Will Your Tax Refund Be Smaller This Year? (Article)
Will Your Tax Refund Be Smaller This Year?
The end of Covid tax breaks might mean a higher tax bill for 2022.
Congress chose not to extend the tax breaks implemented during the Covid-19 pandemic. As a result, some who received refunds in recent years may now owe instead. Changes affecting your taxes as quoted from a recent *Wall Street Journal article are:
Federal Economic Impact Payments
Most taxpayers received their 2021 stimulus checks automatically but some got the money as a recovery rebate credit of $1,400 per person on their 2021 income tax return. For a family of four, that could have meant a $5,600 credit on their 2021 taxes that won’t be on this year’s return.
Flush with money, more than a dozen states issued taxpayers rebates and refunds in 2022. Although these payments won’t count as taxable income on state returns, they often will count as taxable income on federal returns. For example, California has sent tens of millions of taxpayers payments ranging from $200 to $1,050. The IRS may count these payments as income on federal returns, says Kathryn Zdan, an enrolled agent and tax editor at Spidell Publishing in Anaheim, Calif.
Nonitemizer Charitable Deduction
Congress didn’t extend this temporary tax break that allowed a special charitable deduction for taxpayers who take the standard deduction instead of itemizing. The $300 deduction individuals could take, or $600 for married couples, wasn’t available for tax year 2022 and could mean a small increase in tax bills.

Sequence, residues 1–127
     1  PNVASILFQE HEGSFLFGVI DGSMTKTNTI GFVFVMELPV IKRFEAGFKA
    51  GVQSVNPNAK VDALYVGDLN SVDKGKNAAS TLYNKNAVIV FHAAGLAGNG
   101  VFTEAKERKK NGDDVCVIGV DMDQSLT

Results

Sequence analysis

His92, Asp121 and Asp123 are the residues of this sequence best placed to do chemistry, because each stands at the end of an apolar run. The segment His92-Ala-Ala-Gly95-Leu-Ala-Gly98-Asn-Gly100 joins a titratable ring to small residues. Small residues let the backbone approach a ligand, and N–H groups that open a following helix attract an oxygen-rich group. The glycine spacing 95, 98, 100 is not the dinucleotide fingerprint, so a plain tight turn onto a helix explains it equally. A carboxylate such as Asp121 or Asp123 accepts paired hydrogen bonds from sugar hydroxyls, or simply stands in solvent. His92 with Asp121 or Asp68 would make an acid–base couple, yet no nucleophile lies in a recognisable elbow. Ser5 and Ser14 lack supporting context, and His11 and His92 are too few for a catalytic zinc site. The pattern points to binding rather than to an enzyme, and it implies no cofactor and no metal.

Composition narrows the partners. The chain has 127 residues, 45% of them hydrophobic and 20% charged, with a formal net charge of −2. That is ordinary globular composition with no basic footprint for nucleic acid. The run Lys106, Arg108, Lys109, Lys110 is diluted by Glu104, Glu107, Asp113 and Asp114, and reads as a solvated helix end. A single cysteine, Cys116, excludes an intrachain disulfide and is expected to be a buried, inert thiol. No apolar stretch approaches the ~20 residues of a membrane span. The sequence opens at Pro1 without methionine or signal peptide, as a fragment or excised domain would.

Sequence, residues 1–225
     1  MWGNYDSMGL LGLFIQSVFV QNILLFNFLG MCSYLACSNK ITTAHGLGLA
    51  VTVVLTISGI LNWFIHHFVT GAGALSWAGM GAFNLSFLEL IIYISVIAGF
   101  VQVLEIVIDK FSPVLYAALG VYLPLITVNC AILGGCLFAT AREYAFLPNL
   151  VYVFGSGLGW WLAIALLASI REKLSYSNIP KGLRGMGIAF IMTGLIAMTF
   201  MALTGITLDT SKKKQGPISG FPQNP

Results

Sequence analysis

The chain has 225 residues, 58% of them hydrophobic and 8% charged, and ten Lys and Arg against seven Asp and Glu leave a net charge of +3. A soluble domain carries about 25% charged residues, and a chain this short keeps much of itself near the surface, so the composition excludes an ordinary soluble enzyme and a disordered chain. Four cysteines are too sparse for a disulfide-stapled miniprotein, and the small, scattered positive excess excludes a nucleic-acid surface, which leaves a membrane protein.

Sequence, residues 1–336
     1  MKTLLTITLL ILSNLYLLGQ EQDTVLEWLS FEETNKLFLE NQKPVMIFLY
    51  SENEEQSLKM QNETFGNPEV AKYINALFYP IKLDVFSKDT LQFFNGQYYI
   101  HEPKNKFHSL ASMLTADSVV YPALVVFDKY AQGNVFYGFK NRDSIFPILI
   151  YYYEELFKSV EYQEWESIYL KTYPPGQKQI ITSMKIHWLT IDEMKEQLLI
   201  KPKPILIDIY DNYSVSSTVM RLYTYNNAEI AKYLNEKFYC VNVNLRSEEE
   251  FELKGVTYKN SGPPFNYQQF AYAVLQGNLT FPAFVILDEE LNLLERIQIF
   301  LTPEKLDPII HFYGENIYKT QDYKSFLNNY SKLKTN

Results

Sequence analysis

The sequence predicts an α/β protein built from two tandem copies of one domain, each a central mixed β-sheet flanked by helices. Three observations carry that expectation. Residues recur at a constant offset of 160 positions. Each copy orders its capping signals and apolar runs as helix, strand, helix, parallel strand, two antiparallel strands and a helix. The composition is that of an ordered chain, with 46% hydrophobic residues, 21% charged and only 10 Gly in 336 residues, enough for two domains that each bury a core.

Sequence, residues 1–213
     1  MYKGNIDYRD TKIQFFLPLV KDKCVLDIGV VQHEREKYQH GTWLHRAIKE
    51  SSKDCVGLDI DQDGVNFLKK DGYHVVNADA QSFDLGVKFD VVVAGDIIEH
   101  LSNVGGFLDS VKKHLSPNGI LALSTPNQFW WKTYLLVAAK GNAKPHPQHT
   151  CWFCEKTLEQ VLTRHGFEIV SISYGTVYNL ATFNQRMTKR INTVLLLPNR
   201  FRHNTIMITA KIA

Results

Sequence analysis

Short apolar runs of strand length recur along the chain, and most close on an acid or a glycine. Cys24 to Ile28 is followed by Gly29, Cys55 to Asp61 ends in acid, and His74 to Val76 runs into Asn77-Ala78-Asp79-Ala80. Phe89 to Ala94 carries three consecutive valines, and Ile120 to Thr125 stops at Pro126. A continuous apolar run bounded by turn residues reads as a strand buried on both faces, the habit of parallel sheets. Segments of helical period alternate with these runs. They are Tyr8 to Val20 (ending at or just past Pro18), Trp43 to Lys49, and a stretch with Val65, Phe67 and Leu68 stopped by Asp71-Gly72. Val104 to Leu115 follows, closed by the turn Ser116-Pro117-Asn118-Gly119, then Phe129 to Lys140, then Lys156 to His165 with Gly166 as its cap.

Child Tax Credit
Taxpayers with dependent children need to pay extra attention. For 2022, the child tax credit has reverted to $2,000 for children under age 17. That is a big drop from the enhanced child tax credit for 2021 of $3,000 for children under age 18 and $3,600 for children under age 6. If you included two children as dependents when you initially filled out a W4 tax withholding form at work and your children have since aged out, make sure you update your W4 so your employer will withhold more in taxes, Ms. Logan says.
Child and Dependent Care Tax Breaks
The tax credit for child and dependent care expenses, such as daycare, was increased to a total of $8,000 for 2021 but went back to the old limit of $2,100 for 2022. Those who took the maximum $8,000 credit (up to 50% of $16,000 in expenses for two or more children) last year and the maximum $2,100 credit (up to 35% of $6,000 in expenses for two or more children) this year are likely to see a much lower refund, Ms. Logan says.
Similarly, taxpayers whose employers offer pretax child and dependent care flexible spending accounts may see lower refunds because the contribution limits for those accounts were also increased for 2021, to a maximum $10,500, and reverted to the old limit, $5,000, for 2022.
Investment Gains and Losses
Last year, some mutual funds sold more holdings than usual and distributed gains to investors. That could mean bigger tax bills and smaller refunds for individual investors this tax season, even though their portfolios shrank. “Investments can throw you off,” Ms. Logan said. In the case of a new client last tax season, Ms. Logan said he made $80,000 in the stock market in 2021 and owed $16,000 in taxes he hadn’t counted on in the 2022 filing season. There is still time to pay fourth-quarter estimated tax payments through Jan. 17 and lessen penalties and interest owed.
On the other hand, investors who sold cryptocurrency or tech stocks at a loss, for example, can use those losses to offset gains and up to $3,000 of ordinary income. That offset could leave someone with a bigger refund.”
Ultimately, if you think you may end up owing more this tax season, its important you set aside cash now to pay your taxes and avoid fines. For many, this may mean delaying major purchases until after tax time.
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